To the joy of the critics of the Scottish Parliament building at Holyrood, one of the wooden laminated and steel-reinforced beams supporting the roof over the debating chamber came away from its moorings on 2 March 2006, and swung threateningly 20 feet over the Tory benches. The chamber was cleared and remains closed, with subsequent full meetings of the Parliament taking place initially at The Hub building at the top of the Royal Mile and subsequently in one of the larger committee rooms back at Holyrood. The beam, it emerged, was not making any political point: one of the two bolts supposed to hold it in place was missing, and the other had sheared through the resultant stress. The second bolt also had damaged threads, which might have been caused by the bolt becoming jammed and someone then trying to remove it, twisting the head off or coming close to doing so. Symptoms perhaps of the desperate hurry to complete the building in the final stages of construction back in 2003-4? Whatever, the beam had to go off to St Albans in England for testing and repair, and all the other 59 beams in the debating chamber had to be checked. Result: closure of the chamber for at least two months, and the discovery of who knows what other defects as the checks proceed. Interestingly, the contractual defects liability period for the building had expired on 17 February 2006, just a fortnight before the beam came loose. The Scottish Parliamentary Corporate Body is therefore looking into other ways of recovering the cost to the public purse arising from the whole incident; so we could yet have that court case looking into the building of Holyrood of which we seemed to be deprived when the SPCB settled with McAlpine’s earlier this year (see No 533).
The Legal Profession and Legal Aid (Scotland) Bill, which will establish the Scottish Legal Complaints Commission and make provision as regards complaints against members of the legal profession in Scotland (see previously No 530) was introduced in the Scottish Parliament by the Justice Minister on 1 March 2006. The Bill, which will now progress through the Justice 2 Committee, also makes provision in connection with the administration of the Scottish Legal Aid Fund, including the establishment of a register of advisers in connection with the advice and assistance scheme.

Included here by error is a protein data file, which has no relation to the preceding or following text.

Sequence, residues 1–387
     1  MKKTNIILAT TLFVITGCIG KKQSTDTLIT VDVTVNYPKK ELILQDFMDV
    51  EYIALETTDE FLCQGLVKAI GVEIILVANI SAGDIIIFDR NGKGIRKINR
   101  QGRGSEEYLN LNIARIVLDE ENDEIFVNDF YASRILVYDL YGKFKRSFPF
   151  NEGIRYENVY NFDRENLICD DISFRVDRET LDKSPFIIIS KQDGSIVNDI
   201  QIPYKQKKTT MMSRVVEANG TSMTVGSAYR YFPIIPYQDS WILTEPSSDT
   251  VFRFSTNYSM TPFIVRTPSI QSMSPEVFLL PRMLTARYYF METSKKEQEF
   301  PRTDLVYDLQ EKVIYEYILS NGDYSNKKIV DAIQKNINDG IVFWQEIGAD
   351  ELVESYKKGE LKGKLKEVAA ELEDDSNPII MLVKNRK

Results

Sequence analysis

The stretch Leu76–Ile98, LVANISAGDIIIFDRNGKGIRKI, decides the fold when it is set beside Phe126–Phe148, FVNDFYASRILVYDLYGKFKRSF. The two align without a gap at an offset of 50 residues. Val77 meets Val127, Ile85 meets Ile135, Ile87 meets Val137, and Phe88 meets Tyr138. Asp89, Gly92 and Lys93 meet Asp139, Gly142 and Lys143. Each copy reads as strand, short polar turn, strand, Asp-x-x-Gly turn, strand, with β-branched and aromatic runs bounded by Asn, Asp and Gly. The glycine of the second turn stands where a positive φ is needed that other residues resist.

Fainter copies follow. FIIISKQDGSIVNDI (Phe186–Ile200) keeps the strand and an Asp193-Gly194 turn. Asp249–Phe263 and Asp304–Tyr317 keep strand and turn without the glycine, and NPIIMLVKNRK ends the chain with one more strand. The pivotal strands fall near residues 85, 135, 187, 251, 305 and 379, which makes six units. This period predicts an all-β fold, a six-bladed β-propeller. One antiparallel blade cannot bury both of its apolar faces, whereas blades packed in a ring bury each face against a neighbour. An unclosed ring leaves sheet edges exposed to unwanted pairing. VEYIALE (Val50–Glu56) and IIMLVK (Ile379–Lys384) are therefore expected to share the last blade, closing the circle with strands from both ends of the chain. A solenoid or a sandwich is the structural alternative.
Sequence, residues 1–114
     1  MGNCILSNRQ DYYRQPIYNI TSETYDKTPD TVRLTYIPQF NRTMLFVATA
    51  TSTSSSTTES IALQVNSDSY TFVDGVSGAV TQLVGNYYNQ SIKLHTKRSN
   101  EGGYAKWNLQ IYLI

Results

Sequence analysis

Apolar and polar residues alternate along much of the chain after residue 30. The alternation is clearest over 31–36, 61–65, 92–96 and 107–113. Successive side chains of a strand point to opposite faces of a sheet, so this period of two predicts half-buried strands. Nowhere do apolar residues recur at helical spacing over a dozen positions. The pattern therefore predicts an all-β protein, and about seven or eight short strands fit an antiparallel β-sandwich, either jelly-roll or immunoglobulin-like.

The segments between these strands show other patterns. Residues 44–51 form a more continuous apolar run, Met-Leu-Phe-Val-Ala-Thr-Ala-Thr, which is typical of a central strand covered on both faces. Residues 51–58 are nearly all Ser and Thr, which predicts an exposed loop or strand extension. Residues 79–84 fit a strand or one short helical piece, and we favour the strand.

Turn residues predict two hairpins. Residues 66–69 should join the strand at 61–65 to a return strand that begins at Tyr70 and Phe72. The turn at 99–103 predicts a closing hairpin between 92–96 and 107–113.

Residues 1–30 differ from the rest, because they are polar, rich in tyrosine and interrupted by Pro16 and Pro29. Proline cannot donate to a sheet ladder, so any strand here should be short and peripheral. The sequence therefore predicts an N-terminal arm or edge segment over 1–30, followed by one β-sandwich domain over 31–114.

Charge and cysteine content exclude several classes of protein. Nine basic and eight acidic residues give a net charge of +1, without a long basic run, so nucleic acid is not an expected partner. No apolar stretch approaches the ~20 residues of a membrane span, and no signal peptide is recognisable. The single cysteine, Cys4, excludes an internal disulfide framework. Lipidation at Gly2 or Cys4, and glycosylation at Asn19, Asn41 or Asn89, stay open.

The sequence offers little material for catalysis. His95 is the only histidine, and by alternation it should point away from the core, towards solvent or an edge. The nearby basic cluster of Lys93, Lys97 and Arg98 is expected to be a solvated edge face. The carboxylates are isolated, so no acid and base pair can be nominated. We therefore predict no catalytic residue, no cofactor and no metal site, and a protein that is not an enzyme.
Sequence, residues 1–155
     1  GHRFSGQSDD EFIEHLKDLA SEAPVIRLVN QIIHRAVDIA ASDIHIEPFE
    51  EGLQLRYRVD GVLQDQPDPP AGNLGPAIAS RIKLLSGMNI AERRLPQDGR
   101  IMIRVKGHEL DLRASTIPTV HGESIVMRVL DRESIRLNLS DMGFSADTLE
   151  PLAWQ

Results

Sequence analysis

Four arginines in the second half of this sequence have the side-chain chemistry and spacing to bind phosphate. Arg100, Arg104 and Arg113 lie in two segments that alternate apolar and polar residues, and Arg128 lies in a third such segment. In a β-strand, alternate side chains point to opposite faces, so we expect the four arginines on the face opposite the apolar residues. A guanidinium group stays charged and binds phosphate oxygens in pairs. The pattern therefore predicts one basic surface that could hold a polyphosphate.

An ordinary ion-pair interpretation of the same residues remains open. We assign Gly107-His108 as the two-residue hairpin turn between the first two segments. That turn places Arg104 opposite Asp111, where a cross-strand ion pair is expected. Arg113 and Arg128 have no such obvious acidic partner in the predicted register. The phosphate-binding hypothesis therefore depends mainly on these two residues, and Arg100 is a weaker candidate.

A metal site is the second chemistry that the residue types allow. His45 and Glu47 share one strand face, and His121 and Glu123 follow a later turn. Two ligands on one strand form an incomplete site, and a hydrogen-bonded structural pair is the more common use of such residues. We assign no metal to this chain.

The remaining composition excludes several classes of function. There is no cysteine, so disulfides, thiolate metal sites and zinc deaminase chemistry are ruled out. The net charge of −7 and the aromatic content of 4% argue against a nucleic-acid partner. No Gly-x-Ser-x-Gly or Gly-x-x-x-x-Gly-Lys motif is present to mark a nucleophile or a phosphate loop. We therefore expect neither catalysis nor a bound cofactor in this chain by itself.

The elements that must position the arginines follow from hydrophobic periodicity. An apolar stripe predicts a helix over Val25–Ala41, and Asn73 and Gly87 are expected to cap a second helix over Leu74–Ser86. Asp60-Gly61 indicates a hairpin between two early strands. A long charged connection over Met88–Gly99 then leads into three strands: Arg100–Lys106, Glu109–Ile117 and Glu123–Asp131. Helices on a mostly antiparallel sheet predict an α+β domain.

Without quite the fanfare of his first success in 2004 (see Nos 306, 307), Steve Gough the Naked Rambler finally reached John o’Groats together with his girlfriend, the also unclothed Melanie Roberts, on 20 February 2006. They had spent January having a little holiday back home in England; but on resumption of the nude trek through the north-east of Scotland, there had been two further arrests, one near Dingwall following the complaint of a Kirk minister, and another near Dornoch Bridge. But on neither occasion were charges pressed, and Gough was released to ramble on in the chilly winter air. At John o’Groats Gough refused to rule out the possibility of a third attempt to walk the length of Britain in the buff, although he also claimed to be looking forward to a return home to Hampshire. But Scots law had not quite done with him yet. On 1 March he was due to face one of the outstanding charges against him in Edinburgh sheriff court (see No 534), but on that day adopted his familiar claim to a right of nudity in court. The trial did not proceed, and upon Gough’s continued adherence to his attiring position the following day, Sheriff Derrick McIntyre jailed him for two months. Obviously the learned sheriff found the arguments barely tenable, indeed not even threadbare.